Resveratrol, one of our 12 CT inhibitors, has been shown to block CT activity against Vero cells through disruptions of toxin internalization and toxin activity. Both effects were observed in the presence of 100 μg/mL (0.4 mM) resveratrol and could be attributed to the partial precipitation of CT by resveratrol [25]. In contrast, a 10-fold lower concentration of resveratrol did not induce CT aggregation/precipitation (data not shown) [25] and did not inhibit in vitro CTA1 catalytic activity (Table 1) [25]. These observations indicate the mode of toxin inhibition will depend upon the concentration of applied polyphenol, with high concentrations producing non-specific effects. Morinaga, Yahiro, and Noda [25] did not detect a protective anti-toxin effect using 50 μg/mL (0.2 mM) or less of resveratrol, whereas we recorded an 80% loss of toxicity with just 10 μg/mL (44 μM) of the compound (Table 1). This apparent discrepancy likely reflects the different intoxication conditions of the two studies (1.6 μg/mL of CT for 30 min vs. 10 ng/mL of CT for 18 h in our assay) and suggests the protective effect of 44 μM resveratrol can be overwhelmed by high toxin concentrations.

Two compounds (kaempferol and quercitrin) appeared to directly inhibit the catalytic activity of CTA1, which has been observed for other plant products as well [42,43]. Other polyphenolic compounds conferred resistance to CT by disrupting host-toxin interactions required for the cytosolic activity of CTA1. For each of these events, the exact molecular mechanism remains to be determined and could involve a number of cellular effects. For example, an inhibition of cytosolic CTA1 activity could involve alterations to CTA1 interactions with Hsp90, ADP-ribosylation factors, Gsα, or lipid rafts [3235,44]. It is also possible that a single compound could affect multiple steps of the intoxication process, such as the inhibition of both CTB surface binding and CTA1 cytosolic activity by EGCG.

The inhibitory constituents of grape extract were not identified in our previous studies. Here, we have shown a subset of polyphenolic compounds present in grape extract inhibit CT and other AB-type protein toxins. Furthermore, a general mode of inhibitory action against CT was identified for six compounds. This information should facilitate studies on the cell biology of intoxication through the application of new reagents to alter defined events in the intoxication process. Golgicide A, for example, was isolated in a high-throughput screen for ST1 inhibitors and has been used to study toxin biology and the cell biology of vesicular transport [45]. The identification of specific toxin inhibitors from grape extract can also serve as the foundation for structure-activity relationship studies to understand the molecular details of specific host-toxin interactions. Finally, this work provides a possible foundation for the use of natural products in the formulation of a broad-spectrum, food-compatible toxin inhibitor.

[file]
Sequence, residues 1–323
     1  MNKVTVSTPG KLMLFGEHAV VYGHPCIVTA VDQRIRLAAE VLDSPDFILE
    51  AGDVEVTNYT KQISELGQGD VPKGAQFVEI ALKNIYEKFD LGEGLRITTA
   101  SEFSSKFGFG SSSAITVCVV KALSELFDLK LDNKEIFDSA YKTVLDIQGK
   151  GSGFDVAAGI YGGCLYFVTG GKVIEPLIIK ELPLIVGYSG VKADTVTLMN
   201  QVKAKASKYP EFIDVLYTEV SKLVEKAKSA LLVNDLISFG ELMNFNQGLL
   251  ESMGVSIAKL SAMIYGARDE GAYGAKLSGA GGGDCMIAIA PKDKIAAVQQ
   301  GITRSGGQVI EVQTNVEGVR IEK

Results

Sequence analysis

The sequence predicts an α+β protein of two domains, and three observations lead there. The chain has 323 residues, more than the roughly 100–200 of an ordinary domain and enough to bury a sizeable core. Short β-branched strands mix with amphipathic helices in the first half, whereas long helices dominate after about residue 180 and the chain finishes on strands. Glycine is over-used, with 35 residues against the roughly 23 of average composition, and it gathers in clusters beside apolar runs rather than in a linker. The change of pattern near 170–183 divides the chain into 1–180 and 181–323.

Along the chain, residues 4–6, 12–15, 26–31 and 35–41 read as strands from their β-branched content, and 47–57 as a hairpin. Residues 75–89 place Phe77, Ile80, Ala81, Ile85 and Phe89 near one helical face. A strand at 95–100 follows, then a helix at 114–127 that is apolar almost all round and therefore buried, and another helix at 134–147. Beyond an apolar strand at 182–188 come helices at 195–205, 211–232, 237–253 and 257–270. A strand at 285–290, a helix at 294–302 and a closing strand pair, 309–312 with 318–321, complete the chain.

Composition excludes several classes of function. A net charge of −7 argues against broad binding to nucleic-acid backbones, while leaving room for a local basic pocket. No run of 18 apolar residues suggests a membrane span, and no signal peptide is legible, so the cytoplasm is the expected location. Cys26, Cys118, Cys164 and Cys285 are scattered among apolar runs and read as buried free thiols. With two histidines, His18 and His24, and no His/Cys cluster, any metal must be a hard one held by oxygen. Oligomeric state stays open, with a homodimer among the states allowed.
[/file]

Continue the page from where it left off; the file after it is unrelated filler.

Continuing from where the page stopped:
Supporting Information

S1 Fig. CT structure.

CT is an AB5-type protein toxin composed of a catalytic A1 subunit (green), an A2 linker (purple), and a cell-binding B homopentamer (blue). The A1 and A2 subunits are initially synthesized as a single CTA polypeptide that undergoes proteolytic nicking to generate separate A1 and A2 subunits which remain linked by a disulfide bond (yellow). Reduction of the CTA1/CTA2 disulfide bond and separation of CTA1 from CTA2/CTB5 precede CTA1 export to the cytosol where it elicits a cytopathic effect. PDB 1S5F.

https://doi.org/10.1371/journal.pone.0166477.s001

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S2 Fig. Plant phenols do not affect cell viability, protein aggregation, or adenylate cyclase activity.